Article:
This is a private website and is not endorsed by or affiliated with any local, state or federal government agency or authority. ×

Section 8 Changes Under Trump

The Trump Administration has proposed major cuts to the budget of the Dept. of Housing and Urban Development, and the Section 8 Housing Voucher program is one of the targets. If you're receiving Section 8 benefits, if you're on a waiting list, or if you're thinking of applying, you need to keep track of the proposed changes.



The eighty-year-old Section 8 Program stands at a crossroads, caught between sharply rising housing costs and the federal budget cuts proposed by the Trump administration. Crushing budget cuts, woefully inadequate funding for building maintenance, and increased demand for public housing assistance are contributing to the crisis. In response, advocates have taken to the streets, and some policy makers at the local level are building creative new ways to combat homelessness with dwindling resources.

Understanding The Origins and Purpose Of Section 8 Housing
The origin of Section 8 goes back to the U.S. Housing Act of 1937, the legislation passed during the Great Depression to try and address the worst economic and housing crisis in American history. The Housing Act was amended and evolved in the 1960s and 1970s to focus on low-income housing and rent assistance.

In 1965, the law was amended to steer low-income tenants to private landlords, with the rent subsidized by the federal government. The modern Section 8 program was the result of another series of amendments designed to address the disproportionate amount of household income low-income families spend on shelter. Tenants in the program are only required to pay thirty percent of their income; the federal government covers the remainder.

The subprograms now operating under Section 8 include New Construction, Substantial Rehabilitation, Existing Housing Certificates, Moderate Rehabilitation, Vouchers, Project-Based Certificates, and the HUD-Veterans Affairs Supportive Housing Voucher Program. All programs are administered at the federal level by the Department of Housing and Urban Development, while local governments handle the vast majority of administration on the ground.

Modern Problems Facing Section 8
The most pressing concern regarding Section 8 programs nationwide is that demand far exceeds supply. The lack of available public housing has deep roots, including the unwillingness of landlords to accept Section 8 tenants in their properties. The reluctance of property owners to embrace the Section 8 program is problematic and often based on incorrect assumptions about the impact on their properties.

Qualifying for public housing assistance does not guarantee you a place to live. Upon receiving your voucher, you are eligible to qualify for actual assistance. The waiting lists are often years long, and some programs refuse to accept new applicants. A voucher isn't worth much if there is no place available to spend it.

Compounding the supply and demand problems is the overwhelming backlog of funding for repairs and maintenance. The shortfall for maintenance under Section 8 is currently over $24 billion nationwide, with only $2 billion allocated to address the problem. This issue will compound itself over time as neglected buildings continue to deteriorate at an accelerated pace.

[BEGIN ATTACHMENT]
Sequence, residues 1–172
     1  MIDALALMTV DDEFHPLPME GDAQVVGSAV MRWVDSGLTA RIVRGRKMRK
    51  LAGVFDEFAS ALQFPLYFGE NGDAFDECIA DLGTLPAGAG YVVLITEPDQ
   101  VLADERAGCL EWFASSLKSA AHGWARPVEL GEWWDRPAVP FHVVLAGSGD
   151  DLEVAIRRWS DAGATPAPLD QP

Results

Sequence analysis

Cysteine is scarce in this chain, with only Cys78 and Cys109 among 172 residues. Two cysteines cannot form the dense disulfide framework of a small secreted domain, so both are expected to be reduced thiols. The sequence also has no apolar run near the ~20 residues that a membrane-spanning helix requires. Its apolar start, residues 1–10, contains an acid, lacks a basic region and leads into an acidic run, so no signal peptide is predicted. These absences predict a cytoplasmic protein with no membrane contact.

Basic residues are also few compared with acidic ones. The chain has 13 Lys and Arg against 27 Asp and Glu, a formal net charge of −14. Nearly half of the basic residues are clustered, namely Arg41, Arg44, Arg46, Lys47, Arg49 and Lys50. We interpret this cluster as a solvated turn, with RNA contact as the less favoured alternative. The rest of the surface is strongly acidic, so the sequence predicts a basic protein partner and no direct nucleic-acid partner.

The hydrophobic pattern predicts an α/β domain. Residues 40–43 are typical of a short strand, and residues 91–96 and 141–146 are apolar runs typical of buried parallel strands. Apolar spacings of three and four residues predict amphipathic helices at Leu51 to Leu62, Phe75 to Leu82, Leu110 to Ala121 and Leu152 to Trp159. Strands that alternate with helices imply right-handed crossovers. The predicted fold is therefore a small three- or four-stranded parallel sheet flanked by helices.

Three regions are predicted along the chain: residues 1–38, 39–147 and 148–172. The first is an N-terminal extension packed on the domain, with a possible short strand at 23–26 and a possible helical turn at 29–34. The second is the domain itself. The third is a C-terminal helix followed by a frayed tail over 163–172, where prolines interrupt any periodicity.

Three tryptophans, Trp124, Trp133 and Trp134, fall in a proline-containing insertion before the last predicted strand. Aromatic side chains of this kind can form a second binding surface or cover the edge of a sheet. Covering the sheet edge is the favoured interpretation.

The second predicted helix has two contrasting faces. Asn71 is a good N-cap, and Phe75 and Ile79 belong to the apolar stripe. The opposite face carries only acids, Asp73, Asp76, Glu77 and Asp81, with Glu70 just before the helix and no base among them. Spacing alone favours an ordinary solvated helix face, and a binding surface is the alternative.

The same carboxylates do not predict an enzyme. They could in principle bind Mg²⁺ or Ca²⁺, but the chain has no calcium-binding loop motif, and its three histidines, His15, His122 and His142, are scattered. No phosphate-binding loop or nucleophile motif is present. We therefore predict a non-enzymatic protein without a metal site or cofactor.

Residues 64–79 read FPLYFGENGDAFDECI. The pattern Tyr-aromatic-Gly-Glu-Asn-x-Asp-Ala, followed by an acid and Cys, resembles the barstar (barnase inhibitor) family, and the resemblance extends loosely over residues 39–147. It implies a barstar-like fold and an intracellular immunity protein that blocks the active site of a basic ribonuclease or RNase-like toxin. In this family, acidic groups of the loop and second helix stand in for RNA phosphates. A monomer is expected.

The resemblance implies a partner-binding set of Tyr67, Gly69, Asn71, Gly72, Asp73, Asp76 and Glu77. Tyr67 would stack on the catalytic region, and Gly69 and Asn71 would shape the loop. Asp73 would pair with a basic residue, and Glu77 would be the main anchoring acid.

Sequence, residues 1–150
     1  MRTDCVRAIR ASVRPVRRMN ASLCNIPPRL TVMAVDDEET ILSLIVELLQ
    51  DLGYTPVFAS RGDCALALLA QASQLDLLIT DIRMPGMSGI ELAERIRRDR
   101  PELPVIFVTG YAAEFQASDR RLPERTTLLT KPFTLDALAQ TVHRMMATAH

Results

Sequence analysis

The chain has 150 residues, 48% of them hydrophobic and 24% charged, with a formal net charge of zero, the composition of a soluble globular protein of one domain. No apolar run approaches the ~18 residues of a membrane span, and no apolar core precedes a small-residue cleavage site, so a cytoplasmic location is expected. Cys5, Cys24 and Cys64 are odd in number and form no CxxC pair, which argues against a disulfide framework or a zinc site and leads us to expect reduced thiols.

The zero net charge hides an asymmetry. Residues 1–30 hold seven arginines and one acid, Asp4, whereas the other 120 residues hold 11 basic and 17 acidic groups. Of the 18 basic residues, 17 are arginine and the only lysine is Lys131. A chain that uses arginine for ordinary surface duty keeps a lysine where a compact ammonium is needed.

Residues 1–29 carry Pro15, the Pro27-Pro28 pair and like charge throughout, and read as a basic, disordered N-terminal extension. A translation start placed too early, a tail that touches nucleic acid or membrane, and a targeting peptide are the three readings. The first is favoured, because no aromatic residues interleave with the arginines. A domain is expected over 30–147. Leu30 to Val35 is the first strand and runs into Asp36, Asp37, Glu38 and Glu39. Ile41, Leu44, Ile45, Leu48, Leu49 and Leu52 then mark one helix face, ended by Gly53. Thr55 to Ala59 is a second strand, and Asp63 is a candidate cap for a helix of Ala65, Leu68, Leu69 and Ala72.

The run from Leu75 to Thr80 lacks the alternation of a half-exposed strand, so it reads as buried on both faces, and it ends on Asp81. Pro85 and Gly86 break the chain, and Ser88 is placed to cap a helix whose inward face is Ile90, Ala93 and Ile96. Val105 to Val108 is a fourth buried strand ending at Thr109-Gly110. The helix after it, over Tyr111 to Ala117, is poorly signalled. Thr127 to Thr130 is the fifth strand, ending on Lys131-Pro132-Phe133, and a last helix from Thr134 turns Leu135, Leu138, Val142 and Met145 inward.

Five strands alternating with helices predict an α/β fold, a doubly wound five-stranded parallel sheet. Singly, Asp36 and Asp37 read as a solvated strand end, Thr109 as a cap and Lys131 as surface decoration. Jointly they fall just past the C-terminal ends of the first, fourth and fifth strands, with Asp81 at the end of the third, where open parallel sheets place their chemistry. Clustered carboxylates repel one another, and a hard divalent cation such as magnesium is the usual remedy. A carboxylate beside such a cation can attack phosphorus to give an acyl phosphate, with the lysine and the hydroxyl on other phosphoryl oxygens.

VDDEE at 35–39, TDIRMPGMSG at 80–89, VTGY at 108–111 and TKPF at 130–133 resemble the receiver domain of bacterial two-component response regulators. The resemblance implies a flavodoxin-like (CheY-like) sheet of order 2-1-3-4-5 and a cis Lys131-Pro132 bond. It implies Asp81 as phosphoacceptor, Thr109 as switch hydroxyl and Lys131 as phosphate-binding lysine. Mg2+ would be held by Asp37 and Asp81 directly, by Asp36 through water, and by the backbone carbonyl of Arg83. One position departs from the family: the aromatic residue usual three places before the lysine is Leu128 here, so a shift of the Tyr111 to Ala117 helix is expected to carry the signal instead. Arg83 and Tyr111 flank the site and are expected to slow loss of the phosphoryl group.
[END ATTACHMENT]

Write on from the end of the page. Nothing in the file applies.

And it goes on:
Proposed Cuts Will Cause Pain
In his proposed 2018 federal budget, President Donald Trump took an ax to many HUD programs, including Section 8. These proposed cuts could not come at a worse time for the 15 million families in need of a subsidy. Even for Americans currently receiving benefits, the proposed Trump administration cuts represent a catastrophic shift in the structure of the program. The impact would touch nearly everyone receiving Section 8 benefits in any way.

President Trump proposes to require a more substantial contribution towards rent every month. Currently, Section 8 voucher recipients pay 30 percent of their net income, meaning income after taxes are deducted, in rent. The Trump proposal increases the rent to 35 percent, which doesn't seem too bad but for the fact that gross income would replace net income. This change means the 35 percent would come off the top before the participant pays taxes.

This seemingly minor shift could cripple the most vulnerable people receiving assistance because it disproportionately hurts large families and those in poor health. Additional proposed changes are the reinstatement of "family caps" and a minimum rent of $50 per month regardless of whether the amount is more than the 35% of gross household income, among others.

The proposed budget also eliminates the Housing Trust Fund and cuts two-thirds of the funding targeted for new construction and renovations of existing units. Finally, in a move raising serious concerns among both Democrats and Republicans, the near-total autonomy previously enjoyed for decades by local communities would be subject to increased scrutiny from the federal government.